IPv6 has been a long time coming. Drafted by the Internet Engineering Task Force (ITEF) in 1998, it became an Internet Standard in 2017. Though the rollout of IPv6 addresses has proceeded at a glacial pace since then, adoption numbers continue to inch higher.
Worldwide IPv6 adoption, according to Google’s handy tracker, is around 33 percent. It’s higher in the United States, at just shy of 45 percent. The graph has been trending relentlessly up and to the right since the mid-2000s.
This increased adoption means more cyberattacks are originating from IPv6 addresses. That means security vendors and device manufacturers who rely on embedded threat intelligence should insist on visibility surrounding the successor to IPv4.
Why we needed IPv6
Since the late 1980s, the internet’s architects realized they were cruising toward a problem. IP addresses, those numbers assigned to every internet-connected device, or node, were designed to contain 32 bits. That made for just under 4.3 billion possible number combinations under the IPv4 system. It was apparent even thirty years ago that these possibilities would be exhausted.
That day came in February 2011, met with a dramatic announcement by the Internet Corporation for Assigned Names and Numbers. Its opening line reads, “A critical point in the history of the Internet was reached today with the allocation of the last remaining IPv4 (Internet Protocol version 4) addresses.”
It seemed like the end of an era. But it wasn’t really one at all. IP addresses are frequently recycled, reallocated and many millions were never used at all. There’s even a famous story about Stanford University giving back a block of millions of unused IPv4 addresses. That helps explain why we’ve gotten so far from the adoption of IPv6 as an Internet Standard to majority adoption.
On the other hand, IPv6 is based on 128-bit encryption. This allows for a whopping 3.4 x 1038 permutations, or roughly 340 trillion trillion trillion. So, while the day may come when we need to revisit the IP system, that day is unlikely to be soon and it almost certainly won’t be because we’ve run out of assignable options.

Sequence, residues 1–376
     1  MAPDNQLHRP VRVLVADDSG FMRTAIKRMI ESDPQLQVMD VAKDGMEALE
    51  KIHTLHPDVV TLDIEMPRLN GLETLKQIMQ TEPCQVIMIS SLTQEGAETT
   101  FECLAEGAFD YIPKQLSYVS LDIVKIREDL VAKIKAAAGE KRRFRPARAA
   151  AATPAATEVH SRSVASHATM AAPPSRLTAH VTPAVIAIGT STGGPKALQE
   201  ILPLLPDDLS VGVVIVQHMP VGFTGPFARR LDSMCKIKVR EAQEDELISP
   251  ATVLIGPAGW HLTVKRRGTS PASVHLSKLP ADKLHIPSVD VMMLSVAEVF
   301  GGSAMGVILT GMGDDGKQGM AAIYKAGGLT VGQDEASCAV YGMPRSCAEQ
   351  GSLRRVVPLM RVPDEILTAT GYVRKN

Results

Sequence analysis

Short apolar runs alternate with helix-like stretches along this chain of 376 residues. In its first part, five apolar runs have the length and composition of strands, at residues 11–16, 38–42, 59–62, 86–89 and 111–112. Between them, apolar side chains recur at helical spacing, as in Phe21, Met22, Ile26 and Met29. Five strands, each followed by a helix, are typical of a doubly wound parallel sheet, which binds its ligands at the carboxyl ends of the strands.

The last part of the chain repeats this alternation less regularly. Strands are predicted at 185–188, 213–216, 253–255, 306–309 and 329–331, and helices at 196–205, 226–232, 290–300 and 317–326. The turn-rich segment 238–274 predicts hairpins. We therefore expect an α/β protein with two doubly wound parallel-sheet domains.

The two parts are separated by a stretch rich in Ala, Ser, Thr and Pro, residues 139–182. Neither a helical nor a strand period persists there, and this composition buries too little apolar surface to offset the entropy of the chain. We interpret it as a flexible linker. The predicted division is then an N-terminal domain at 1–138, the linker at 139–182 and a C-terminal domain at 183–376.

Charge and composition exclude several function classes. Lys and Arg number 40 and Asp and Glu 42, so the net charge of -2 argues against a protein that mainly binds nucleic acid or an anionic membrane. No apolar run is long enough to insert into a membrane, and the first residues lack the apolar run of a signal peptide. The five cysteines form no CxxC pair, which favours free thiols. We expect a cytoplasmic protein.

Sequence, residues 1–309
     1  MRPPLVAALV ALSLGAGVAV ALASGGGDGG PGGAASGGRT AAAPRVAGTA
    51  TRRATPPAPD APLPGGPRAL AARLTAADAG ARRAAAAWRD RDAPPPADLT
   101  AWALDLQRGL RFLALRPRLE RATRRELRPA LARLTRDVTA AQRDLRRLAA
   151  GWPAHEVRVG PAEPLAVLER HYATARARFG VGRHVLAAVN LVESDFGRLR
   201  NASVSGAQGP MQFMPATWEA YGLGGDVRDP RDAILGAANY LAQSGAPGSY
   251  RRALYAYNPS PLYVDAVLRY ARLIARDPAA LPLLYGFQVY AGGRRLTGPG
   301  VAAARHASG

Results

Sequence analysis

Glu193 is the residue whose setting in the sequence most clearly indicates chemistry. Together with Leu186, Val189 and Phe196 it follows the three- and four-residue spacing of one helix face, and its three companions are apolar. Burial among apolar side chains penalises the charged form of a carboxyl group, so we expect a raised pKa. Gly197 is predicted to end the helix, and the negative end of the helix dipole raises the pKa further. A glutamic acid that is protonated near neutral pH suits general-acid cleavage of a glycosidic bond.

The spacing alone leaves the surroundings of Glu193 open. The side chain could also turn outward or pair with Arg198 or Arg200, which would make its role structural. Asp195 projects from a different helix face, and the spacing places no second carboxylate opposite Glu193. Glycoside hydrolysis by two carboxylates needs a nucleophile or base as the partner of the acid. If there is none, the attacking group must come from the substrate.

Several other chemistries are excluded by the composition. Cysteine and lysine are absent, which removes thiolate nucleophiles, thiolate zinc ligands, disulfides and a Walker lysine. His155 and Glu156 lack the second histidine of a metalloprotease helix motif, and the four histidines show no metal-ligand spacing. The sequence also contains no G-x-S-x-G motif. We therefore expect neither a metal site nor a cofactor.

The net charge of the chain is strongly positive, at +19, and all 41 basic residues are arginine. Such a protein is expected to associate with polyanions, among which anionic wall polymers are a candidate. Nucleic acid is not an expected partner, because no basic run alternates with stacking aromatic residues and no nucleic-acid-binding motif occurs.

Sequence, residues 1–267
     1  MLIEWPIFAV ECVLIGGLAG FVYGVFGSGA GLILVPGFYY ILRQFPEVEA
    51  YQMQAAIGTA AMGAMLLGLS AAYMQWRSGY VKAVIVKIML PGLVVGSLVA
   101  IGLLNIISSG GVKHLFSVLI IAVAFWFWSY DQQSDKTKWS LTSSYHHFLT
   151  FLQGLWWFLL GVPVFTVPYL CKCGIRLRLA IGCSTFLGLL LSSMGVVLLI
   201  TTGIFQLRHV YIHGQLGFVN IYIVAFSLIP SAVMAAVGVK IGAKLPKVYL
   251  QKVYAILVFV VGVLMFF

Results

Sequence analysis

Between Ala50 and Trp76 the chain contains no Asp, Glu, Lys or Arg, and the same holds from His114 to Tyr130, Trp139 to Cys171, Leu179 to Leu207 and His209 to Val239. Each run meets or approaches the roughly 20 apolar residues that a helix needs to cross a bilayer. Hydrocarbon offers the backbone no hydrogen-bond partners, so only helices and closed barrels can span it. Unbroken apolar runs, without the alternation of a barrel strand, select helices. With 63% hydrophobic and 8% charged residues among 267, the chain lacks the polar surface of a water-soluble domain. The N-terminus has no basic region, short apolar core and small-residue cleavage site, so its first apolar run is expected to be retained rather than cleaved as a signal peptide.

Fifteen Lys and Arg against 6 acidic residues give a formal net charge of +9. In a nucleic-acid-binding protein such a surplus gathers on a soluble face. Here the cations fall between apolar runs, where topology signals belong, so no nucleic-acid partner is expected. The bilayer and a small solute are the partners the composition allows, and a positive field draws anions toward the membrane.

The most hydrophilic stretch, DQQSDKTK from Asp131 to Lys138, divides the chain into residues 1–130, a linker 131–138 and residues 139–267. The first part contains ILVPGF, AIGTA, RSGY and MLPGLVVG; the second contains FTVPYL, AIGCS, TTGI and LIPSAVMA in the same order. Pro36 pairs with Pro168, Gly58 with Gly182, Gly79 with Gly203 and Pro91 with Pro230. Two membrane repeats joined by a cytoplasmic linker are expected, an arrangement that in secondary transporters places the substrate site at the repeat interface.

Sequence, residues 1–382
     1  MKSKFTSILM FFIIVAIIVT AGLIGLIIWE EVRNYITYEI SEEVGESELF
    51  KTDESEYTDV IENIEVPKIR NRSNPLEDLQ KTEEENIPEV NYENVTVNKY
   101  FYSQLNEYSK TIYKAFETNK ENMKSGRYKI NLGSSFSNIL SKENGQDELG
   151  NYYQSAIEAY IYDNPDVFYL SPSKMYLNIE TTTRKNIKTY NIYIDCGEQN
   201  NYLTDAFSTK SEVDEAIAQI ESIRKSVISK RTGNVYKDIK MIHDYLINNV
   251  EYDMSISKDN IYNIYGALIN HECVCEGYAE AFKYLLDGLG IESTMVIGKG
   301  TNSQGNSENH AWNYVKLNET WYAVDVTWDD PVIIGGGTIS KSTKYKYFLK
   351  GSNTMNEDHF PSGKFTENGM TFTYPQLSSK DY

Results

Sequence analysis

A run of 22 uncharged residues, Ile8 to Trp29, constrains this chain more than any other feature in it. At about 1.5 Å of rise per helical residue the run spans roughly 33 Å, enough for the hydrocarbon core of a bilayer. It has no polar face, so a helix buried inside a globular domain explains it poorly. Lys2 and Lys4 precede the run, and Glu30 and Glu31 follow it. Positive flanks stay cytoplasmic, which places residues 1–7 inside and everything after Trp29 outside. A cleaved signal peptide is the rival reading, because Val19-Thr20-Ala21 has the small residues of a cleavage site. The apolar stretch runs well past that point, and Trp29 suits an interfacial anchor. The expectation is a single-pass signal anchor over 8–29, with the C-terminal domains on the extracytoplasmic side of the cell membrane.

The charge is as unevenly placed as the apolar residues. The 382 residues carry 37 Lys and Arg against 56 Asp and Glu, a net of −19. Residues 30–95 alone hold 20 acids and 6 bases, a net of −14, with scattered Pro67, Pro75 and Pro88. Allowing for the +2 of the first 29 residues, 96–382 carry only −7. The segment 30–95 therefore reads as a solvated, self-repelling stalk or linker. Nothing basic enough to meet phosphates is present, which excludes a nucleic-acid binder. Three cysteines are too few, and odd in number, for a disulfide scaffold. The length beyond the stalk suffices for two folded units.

By the way…whatever happened IPv5? Didn’t we skip a number? Well, it did exist, but was never officially adopted because it used the same 32-bit architecture as its predecessor. Begun as an experimental method for transferring streaming voice and video data, IPv5 lives on through its successor, voice over IP (VoIP).
What continued IPv6 adoption means for internet security
Hackers tend to set their sites on new targets only when they become worthy of their attention. The same goes for IPv6. As the rest of the internet pursues its perfectly logical reasons for making the migration, increasing numbers of cybercriminals are looking to exploit it. As IPv6 adoption becomes more prevalent, threat actors are increasingly using its addresses as an attack vector.
If threat intelligence feeds haven’t prepared to analyze IPv6 addresses, they’re faced with big black holes in their data sets. As we’ve seen in recent attacks, the ability to monitor anomalous web traffic is key to detecting a breach. So, in addition to having visibility into the threat status of an IP, it’s also critical to have location data and be able to cross-reference its activities with known malicious ones.
Device manufacturers, too, should look to account for accelerated IPv6 adoption when it comes to securing their products. This is especially true for IoT devices. Not typically armed with the highest security measures to start with, they now face the additional threat of an intelligence blind spot if the manufacturer makes no effort to analyze IPv6 addresses.
As internet-connected nodes in the form of IoT devices continue to proliferate, millions of new IPs will be needed. IPv6 will thankfully be more than up to the task of accommodating them, but manufacturers should make sure their devices are designed with the capabilities to analyze them.
IPv6 may have been a long time coming, but it’s too late in the game to ignore. When it’s time to choose a threat intelligence partner, choose one that’s prepared.
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